Nunavut’s chief public health officer, Dr. Michael Patterson, says the fuel smell an government environmental officer noted at Iqaluit’s water treatment facility on Oct. 8 might have been from maintenance work going on at the plant at the time. (Photo by David Venn)

By David Venn, Local Journalism Initiative Reporter

The strong smell of fuel noted by a Health Department inspector at Iqaluit’s water treatment facility may have been caused by maintenance work being done within the building, says Nunavut’s chief public health officer, Dr. Michael Patterson.

Government of Nunavut emails acquired by Nunatsiaq News through the territory’s access to information law indicate an environmental health officer inspected the facility on Oct. 8 — four days prior to the territory issuing a do-not-consume water advisory — and experienced an “unbearable” smell of fuel in the building.

The officer concluded the city should hire an environment consultant to look into whether the smell at the plant was related to the reported odours in the water.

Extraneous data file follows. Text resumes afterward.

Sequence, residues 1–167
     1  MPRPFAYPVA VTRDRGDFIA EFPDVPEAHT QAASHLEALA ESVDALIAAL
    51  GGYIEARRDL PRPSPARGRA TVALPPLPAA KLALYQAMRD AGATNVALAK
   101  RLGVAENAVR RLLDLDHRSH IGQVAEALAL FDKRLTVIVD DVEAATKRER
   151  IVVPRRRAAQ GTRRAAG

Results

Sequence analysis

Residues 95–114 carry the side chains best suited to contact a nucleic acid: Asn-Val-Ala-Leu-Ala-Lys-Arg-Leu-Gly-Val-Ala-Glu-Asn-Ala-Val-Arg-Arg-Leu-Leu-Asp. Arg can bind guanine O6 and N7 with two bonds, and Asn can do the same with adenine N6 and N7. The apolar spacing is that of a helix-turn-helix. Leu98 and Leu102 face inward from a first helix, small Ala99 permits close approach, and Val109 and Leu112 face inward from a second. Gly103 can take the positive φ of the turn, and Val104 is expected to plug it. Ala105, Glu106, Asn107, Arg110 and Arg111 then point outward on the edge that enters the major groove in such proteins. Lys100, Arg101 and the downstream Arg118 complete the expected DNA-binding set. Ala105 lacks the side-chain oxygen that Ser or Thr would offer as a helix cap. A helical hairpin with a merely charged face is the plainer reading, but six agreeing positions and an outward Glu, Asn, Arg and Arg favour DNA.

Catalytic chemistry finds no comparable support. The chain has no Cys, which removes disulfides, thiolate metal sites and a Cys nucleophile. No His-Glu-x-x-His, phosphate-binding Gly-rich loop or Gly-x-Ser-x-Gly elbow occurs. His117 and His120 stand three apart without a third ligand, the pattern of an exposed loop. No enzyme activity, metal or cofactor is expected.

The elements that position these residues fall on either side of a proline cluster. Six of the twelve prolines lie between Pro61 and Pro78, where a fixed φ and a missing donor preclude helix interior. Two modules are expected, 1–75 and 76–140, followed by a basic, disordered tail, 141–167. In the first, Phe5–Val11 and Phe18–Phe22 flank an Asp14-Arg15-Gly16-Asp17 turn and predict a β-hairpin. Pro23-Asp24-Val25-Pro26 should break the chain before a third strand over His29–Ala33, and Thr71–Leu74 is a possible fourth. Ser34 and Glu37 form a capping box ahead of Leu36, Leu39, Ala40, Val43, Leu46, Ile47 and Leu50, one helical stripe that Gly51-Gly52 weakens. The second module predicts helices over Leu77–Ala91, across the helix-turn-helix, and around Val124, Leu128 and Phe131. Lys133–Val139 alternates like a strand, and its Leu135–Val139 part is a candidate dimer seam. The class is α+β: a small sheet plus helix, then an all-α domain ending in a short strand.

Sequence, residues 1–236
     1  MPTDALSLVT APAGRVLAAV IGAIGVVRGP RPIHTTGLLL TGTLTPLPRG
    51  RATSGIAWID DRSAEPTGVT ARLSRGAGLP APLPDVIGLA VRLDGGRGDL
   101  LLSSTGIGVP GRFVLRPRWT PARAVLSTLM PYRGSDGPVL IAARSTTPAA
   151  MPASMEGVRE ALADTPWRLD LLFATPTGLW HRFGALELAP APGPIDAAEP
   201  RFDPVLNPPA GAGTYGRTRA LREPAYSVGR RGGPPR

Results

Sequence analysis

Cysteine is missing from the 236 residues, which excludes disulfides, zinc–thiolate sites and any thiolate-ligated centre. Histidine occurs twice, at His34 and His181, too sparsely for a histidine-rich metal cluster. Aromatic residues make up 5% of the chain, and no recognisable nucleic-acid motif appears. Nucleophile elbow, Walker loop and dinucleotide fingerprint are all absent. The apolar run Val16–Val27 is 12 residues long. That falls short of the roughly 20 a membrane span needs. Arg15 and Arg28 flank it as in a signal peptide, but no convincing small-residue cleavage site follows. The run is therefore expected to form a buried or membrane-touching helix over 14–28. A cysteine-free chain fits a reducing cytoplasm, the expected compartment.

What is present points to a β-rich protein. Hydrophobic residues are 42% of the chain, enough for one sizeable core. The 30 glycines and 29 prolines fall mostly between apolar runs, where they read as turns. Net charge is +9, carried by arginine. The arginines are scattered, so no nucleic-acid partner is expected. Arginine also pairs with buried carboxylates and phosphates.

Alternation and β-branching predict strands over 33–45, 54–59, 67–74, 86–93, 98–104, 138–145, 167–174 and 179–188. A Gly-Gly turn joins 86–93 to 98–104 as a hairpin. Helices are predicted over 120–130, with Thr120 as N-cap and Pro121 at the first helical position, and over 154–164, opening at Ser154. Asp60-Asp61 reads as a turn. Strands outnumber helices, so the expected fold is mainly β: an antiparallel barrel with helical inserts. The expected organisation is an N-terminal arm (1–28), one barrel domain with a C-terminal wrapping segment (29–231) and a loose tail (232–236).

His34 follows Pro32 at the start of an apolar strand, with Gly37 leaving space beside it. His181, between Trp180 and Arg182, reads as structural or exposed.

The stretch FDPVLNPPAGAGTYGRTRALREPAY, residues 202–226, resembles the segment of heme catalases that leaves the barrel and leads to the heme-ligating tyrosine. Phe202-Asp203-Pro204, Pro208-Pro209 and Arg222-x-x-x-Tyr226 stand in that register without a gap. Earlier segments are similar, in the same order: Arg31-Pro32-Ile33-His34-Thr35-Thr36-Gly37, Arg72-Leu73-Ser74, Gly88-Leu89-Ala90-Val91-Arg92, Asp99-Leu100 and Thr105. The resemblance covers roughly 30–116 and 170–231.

Patterson said in an interview that the smell of fuel can’t necessarily be linked to the water contamination, as there was maintenance work going on in the building that could have contributed to the smell.

“Looking back on it, or going back to try and figure it out, might not be possible,” he said.

Patterson said that there will be a review of the government’s conduct during the water emergency to learn lessons on how to handle a similar situation in the future.

Iqaluit residents began complaining their water smelled like gas in early October.

The city’s chief administrative officer, Amy Elgersma, who was at the forefront of the investigations, could not be reached for comment.

This item is reprinted with permission from Nunatsiaq News, Iqaluit, Nunavut. See article HERE.

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